It was given the Broadway Low-Level Tunnel name to account for the fact that the main approach to the tunnel from Oakland was from the top of Broadway in Oakland, and since the tunnel was below the portal of the old tunnel. However, access from Ashby Avenue was retained as it was designated the connecting thoroughfare from the Eastshore Highway (now Freeway) and the San Francisco – Oakland Bay Bridge, and dubbed State Highway 24. The approach to the east portal on the other side of the hills was via Mount Diablo Blvd., also at that time part of State Highway 24.

The tunnel was renamed after Thomas Caldecott in 1960 in recognition of his efforts on building the tunnel. 7

Additional Bores

The third bore was opened in 1964. In the late 1960s, the Grove-Shafter Freeway was completed and replaced Broadway as the main access route to the Caldecott Tunnel from Oakland as well as replacing Ashby as the principal connector for traffic coming from San Francisco. Ashby Avenue and Tunnel Road were redesignated State Highway 13 and aligned with the new Warren Freeway through the Montclair District of Oakland. The Grove-Shafter Freeway was then designated State Highway 24.

Caldecott Tunnel, Oakland, California 2

In 1960, work began on a third bore to add two more traffic lanes. State engineers also developed an innovative "pop-up" lane-control system to allow traffic in the center bore to switch directions and provide four lanes eastbound or westbound. The new bore opened in 1964. Including renovation of the two older bores and three miles of freeway approaches, it cost less than $24 million. The above photo, taken from the Oakland side, shows four lanes of evening commute traffic heading east through two tunnel bores, and two lanes heading west. For the morning commute, Caltrans switches the center bore to provide four lanes westbound.

The 4th Bore of the Caldecott Tunnel, Oakland, California 3 Construction of the Caldecott Tunnel on the Contra Costa County side 3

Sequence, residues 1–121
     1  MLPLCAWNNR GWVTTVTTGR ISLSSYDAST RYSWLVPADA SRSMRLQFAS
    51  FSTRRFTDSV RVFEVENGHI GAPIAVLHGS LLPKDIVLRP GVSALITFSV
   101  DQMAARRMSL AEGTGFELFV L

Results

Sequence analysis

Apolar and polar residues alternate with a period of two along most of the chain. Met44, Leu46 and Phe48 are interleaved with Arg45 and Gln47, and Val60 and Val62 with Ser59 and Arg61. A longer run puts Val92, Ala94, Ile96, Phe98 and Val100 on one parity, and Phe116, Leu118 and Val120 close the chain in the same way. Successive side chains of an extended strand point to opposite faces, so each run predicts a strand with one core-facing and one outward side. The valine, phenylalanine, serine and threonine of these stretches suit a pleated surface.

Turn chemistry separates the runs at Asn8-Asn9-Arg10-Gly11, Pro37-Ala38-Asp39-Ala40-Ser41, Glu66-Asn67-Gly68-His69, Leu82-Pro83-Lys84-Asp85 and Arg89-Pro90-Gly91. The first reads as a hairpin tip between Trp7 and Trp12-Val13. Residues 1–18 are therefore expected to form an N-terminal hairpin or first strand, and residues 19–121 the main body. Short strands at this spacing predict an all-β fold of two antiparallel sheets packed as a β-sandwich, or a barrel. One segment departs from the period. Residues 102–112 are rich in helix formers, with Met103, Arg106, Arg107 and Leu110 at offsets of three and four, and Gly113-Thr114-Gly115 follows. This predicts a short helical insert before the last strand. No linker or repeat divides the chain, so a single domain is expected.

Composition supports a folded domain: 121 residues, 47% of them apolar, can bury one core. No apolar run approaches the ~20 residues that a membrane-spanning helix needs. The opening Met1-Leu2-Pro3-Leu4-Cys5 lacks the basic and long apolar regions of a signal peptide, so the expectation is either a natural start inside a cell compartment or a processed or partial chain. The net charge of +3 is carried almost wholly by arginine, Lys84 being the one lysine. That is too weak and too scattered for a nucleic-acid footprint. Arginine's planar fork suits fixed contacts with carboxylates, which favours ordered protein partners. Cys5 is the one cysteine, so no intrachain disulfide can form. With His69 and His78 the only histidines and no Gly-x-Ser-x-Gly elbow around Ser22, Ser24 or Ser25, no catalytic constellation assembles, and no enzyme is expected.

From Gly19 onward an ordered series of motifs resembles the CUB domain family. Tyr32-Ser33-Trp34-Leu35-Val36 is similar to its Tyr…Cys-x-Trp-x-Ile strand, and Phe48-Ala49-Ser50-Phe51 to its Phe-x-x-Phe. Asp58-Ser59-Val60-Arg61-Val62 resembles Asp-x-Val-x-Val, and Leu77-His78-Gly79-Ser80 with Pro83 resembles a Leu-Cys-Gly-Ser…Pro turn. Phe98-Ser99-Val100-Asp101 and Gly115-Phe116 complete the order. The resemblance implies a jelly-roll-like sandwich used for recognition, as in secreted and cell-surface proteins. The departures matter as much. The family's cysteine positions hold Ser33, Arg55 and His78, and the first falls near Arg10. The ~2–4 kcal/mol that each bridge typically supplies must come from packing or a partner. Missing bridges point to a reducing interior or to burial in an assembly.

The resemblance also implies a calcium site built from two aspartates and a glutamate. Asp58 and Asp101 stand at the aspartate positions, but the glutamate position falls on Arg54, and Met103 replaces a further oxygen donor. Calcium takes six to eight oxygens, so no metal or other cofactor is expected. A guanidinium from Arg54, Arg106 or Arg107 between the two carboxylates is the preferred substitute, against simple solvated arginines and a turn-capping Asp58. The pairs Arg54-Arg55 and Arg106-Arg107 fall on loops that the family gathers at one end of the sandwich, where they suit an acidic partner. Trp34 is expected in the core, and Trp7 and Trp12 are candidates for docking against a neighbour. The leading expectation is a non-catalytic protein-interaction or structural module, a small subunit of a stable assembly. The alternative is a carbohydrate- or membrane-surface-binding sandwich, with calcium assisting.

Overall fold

The California Department of Transportation used $198 million in Recovery Act funds to expand the Caldecott Tunnel, which connects the Contra Costa suburbs to the city of Oakland through the Oakland Hills. The additional two-lane bore brings the total number of east/west lanes to eight and is helping to alleviate congestion on Highway 24 for approximately 160,000 daily commuters.

Architect's rendering of the new East and West Caldecott Tunnel Entrances (on the Oakland side) 4

Previously, traffic was directed through one eastbound tunnel and one westbound with the center tunnel reversing east-to-west during rush hours. The new bore provides a constant four lanes eastbound and four lanes westbound except during maintenance.

In addition to the $198 million in Recovery funds, the CDOT used approximately $220 million in state and regional funding for the project, which began in January 2010 and was completed in 2014.

Tutor-Saliba of Sylmar, California was the main contractor for the project.

Map of Proposed Caldecott Tunnel Expansion 5

Links and References

  1. Caldecott Tunnel excavation finished San Francisco Chronicle

  2. A Tunnel Runs Through It: Does the Caldecott need a fourth bore? Metropolitan Transportation Commission (via

  3. "God Speed" on the new Bore! Caldecott Expands connection to Coco County California Images

  4. California Tunnel To Make Commute Faster

  5. Caltrans to hold community meeting on construction plans for Caldecott Tunnel’s 511 Contra Costa

  6. Tunnel Opening Edition Oakland Tribune December 5, 1937

  7. Supervisors Request Naming Tunnel for Thomas Caldecott Oakland Tribune March 23, 1960